News Corp senior writer Sharri Markson has whipped up a brand new scare campaign against Muslims based on the practice of toddlers wearing hijabs. Ramadan is the month of spiritual miracles. This year, it was especially miraculous in Australia as the imams managed to get their act together and declare that the lunar month would end on the same day. Normally, the month begins and ends

COMMENT: The Australian's Opinion Page editor explains ...


Some years back, I made a pitch to the Opinion Page editor of The Australian. I was proposing to write an article criticising the prosecution of Mark Steyn in Canada. I received this response: Irfan, Are you sure you want to be published in “an American-owned newspaper known as The Australian” by the “interim” opinion editor who published “the kind of rhetoric that hardly six-and-a-half

CRIKEY: The real reason so many conservatives are suddenly standing up for the queer community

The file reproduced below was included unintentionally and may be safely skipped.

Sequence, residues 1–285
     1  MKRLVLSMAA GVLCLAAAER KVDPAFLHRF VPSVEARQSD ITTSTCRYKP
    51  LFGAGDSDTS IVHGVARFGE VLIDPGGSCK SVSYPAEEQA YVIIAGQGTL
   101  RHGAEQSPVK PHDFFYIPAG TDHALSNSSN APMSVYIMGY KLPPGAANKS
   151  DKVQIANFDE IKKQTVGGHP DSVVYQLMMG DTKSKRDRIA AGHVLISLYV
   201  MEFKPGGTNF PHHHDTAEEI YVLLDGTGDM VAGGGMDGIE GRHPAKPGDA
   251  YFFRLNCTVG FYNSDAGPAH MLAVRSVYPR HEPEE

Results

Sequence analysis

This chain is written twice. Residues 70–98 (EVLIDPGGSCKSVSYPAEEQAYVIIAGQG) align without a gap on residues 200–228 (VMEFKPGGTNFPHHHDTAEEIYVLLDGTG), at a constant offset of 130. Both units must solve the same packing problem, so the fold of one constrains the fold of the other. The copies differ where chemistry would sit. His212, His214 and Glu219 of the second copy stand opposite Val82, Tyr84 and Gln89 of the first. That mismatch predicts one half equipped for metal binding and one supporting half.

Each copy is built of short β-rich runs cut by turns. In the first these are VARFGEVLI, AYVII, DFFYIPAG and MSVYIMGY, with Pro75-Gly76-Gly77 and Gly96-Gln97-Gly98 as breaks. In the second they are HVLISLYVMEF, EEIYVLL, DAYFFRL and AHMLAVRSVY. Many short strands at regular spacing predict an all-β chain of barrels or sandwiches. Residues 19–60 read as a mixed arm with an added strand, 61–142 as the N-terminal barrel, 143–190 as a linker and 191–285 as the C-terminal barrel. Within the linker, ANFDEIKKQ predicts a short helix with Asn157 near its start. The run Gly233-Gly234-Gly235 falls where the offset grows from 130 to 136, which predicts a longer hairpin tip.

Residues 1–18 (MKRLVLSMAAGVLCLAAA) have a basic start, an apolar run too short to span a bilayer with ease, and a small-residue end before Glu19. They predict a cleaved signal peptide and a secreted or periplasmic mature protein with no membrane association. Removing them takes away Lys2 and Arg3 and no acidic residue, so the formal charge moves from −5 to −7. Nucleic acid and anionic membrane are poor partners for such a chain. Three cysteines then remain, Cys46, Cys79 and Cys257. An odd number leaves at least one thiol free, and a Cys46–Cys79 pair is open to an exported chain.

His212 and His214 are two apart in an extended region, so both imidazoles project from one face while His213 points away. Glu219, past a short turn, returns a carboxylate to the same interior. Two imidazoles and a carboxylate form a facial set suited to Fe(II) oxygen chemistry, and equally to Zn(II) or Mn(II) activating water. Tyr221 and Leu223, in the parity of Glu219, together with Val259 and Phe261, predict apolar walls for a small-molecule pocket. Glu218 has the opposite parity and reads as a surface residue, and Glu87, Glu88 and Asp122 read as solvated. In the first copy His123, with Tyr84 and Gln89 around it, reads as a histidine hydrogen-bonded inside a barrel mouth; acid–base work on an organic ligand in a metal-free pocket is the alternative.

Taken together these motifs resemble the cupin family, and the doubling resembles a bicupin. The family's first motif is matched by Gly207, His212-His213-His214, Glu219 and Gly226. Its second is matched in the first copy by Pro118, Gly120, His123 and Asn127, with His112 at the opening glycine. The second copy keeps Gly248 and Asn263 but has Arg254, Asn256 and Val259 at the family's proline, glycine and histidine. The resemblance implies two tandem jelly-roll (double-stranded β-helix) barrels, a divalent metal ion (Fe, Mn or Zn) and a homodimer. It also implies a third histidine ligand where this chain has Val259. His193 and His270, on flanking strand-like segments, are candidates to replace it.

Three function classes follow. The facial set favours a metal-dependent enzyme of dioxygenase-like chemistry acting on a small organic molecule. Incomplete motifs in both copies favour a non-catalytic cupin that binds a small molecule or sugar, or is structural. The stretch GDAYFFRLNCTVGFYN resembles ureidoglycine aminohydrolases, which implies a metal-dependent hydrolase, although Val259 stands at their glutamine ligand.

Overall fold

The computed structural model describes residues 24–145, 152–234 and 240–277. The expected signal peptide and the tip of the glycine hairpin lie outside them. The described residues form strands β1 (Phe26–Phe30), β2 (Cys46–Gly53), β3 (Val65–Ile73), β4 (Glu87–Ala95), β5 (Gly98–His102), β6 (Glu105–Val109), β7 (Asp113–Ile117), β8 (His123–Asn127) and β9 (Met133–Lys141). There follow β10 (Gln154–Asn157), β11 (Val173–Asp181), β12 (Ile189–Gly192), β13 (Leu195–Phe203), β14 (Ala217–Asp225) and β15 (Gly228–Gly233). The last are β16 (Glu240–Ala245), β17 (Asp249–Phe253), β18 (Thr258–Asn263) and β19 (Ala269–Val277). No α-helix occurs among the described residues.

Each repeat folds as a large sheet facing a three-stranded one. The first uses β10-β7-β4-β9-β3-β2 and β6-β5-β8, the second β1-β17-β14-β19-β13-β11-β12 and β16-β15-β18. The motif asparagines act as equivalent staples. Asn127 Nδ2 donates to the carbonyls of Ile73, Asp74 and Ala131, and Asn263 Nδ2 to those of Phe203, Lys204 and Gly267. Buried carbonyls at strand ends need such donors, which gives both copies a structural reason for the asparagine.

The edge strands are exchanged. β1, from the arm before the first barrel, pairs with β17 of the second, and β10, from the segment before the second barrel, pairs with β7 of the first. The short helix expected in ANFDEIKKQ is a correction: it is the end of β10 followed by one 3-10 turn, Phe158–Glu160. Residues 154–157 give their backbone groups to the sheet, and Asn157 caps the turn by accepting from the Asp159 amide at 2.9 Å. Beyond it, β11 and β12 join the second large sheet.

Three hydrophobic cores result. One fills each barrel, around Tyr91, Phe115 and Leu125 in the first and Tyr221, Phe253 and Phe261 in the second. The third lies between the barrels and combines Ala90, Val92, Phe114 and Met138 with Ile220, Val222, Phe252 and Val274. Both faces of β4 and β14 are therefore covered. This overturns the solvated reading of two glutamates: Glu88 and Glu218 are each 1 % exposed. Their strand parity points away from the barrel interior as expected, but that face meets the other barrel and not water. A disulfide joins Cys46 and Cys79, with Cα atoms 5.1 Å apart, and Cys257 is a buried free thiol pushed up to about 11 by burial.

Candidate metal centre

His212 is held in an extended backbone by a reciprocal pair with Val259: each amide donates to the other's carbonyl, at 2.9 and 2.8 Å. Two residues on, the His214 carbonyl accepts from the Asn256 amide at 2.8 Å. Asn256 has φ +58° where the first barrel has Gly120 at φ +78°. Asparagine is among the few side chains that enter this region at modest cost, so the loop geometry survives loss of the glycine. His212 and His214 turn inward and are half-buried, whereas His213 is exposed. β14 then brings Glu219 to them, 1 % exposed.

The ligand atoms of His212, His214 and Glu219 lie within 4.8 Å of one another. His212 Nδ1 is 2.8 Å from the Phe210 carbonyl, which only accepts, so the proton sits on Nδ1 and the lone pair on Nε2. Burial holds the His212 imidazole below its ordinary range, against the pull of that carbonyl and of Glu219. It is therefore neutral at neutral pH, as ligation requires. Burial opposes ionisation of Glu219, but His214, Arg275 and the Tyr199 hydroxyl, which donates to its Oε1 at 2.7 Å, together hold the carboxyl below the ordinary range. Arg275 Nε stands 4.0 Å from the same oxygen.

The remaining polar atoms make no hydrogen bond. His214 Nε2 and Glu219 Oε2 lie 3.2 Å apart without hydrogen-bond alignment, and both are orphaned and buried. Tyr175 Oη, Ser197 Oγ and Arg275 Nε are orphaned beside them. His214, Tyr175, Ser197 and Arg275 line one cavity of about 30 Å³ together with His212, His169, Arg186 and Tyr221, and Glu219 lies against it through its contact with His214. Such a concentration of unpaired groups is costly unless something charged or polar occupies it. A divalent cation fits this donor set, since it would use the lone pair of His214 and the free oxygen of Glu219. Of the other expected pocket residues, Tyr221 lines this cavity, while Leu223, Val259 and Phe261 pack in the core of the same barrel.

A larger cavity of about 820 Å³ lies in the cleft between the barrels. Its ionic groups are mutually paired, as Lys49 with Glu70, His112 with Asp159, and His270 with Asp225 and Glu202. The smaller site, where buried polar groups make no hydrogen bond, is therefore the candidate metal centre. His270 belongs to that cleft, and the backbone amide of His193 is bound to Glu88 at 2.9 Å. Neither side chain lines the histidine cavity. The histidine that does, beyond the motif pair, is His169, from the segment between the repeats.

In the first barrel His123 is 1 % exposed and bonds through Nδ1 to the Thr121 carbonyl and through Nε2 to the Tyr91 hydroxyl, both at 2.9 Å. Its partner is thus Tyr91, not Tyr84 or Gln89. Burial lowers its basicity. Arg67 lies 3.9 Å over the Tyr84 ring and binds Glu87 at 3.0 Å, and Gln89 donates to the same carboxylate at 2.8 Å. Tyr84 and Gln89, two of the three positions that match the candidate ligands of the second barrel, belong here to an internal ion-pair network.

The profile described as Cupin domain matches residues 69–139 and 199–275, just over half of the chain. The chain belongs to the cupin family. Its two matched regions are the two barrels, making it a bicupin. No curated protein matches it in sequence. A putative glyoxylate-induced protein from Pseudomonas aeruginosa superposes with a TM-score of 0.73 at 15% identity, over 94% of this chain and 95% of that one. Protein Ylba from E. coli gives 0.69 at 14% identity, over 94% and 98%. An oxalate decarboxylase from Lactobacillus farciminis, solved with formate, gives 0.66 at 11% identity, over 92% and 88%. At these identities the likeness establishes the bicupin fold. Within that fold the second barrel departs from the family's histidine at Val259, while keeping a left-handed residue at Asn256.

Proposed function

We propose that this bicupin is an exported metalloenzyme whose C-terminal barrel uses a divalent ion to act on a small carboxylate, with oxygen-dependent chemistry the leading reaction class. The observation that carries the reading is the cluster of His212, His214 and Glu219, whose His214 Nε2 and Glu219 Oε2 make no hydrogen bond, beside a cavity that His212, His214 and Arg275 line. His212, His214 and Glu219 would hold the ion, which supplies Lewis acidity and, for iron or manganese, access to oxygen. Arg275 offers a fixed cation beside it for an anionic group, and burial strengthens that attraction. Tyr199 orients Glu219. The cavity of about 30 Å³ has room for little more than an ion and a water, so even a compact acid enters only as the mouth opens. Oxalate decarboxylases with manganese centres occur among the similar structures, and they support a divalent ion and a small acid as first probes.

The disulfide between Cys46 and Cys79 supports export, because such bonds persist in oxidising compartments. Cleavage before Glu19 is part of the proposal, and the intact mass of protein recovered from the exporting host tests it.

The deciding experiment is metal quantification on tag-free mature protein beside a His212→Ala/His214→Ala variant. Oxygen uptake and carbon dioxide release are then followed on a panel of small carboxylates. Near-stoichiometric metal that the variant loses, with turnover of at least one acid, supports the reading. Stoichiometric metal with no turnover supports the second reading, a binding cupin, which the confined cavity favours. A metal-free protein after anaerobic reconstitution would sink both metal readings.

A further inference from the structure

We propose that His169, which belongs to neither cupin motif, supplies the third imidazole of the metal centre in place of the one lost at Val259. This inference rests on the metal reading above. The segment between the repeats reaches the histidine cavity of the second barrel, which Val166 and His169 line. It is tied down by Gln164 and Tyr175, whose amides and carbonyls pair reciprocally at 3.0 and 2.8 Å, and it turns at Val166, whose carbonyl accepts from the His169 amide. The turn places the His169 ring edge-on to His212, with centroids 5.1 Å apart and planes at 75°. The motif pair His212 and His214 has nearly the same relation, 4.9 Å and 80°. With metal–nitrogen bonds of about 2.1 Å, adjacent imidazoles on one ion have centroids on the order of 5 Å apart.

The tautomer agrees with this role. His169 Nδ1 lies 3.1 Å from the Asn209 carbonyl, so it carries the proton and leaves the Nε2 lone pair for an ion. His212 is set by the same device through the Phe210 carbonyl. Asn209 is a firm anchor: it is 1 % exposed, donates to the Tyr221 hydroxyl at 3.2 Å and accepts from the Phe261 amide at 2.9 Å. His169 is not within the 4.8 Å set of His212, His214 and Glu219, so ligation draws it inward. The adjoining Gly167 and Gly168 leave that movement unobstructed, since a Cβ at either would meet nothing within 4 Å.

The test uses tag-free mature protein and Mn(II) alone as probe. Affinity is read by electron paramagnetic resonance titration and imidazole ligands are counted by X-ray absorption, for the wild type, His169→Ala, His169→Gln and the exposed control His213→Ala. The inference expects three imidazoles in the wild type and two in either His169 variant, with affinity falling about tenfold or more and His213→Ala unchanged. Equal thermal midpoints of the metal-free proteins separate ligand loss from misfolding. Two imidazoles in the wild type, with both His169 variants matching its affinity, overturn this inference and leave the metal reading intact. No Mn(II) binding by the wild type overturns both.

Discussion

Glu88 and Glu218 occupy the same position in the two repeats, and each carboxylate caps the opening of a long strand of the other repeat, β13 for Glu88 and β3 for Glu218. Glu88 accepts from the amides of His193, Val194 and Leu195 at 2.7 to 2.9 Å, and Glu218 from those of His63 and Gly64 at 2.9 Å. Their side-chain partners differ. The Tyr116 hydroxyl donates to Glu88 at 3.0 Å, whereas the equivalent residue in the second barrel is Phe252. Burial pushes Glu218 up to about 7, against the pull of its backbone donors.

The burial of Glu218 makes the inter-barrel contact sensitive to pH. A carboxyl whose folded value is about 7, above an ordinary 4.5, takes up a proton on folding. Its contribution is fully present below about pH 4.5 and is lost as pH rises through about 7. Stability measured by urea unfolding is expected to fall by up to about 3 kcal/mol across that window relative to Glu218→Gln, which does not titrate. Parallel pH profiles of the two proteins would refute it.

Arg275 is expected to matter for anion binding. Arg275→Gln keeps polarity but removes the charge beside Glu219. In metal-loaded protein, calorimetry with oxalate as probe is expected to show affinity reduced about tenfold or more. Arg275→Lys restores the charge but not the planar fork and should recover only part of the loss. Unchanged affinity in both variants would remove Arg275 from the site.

They fought it for years. Until they realised it could be leveraged to malign an even greater foe. Last week the Prime Minister hosted a dinner for a bunch of Muslims at Kirribilli House. I didn’t get an invite. But I do know a fair few people who did go, as they plastered their Facebook walls with photos of them sitting and standing with the PM. Now I’m glad I didn’t get an invite. Since

CRIKEY: Why are conservatives so damn obsessed with Islam?


From what we know about Omar Mateen, this massacre was not an act of Islamic State-sponsored terrorism.  When it comes to fighting nasty brown-skinned Muslim terrorists with unpronounceable names, you really don’t want to look like Neville Chamberlain appeasing Hitler. Hence, when introducing counter-terrorism law number 56 (or was it 57? I’ve lost count) in September 2014, then-PM Tony

TERRORISM: Orlando massacre: for a minority of a minority, two worlds collide


Barely a few days after Americans of all faiths and backgrounds came together to celebrate the life of the great American Muhammad Ali, the unifying spirit of that event has been spoiled by the spilling of blood. Early on Sunday morning at an LGBTQI venue in Orlando, some 50 people were gunned down. While shocking, news of a mass shooting in the US is not new. The fact that the gunman

CRIKEY: Five men in a boat: we don't know much, but tabloids have plenty of theories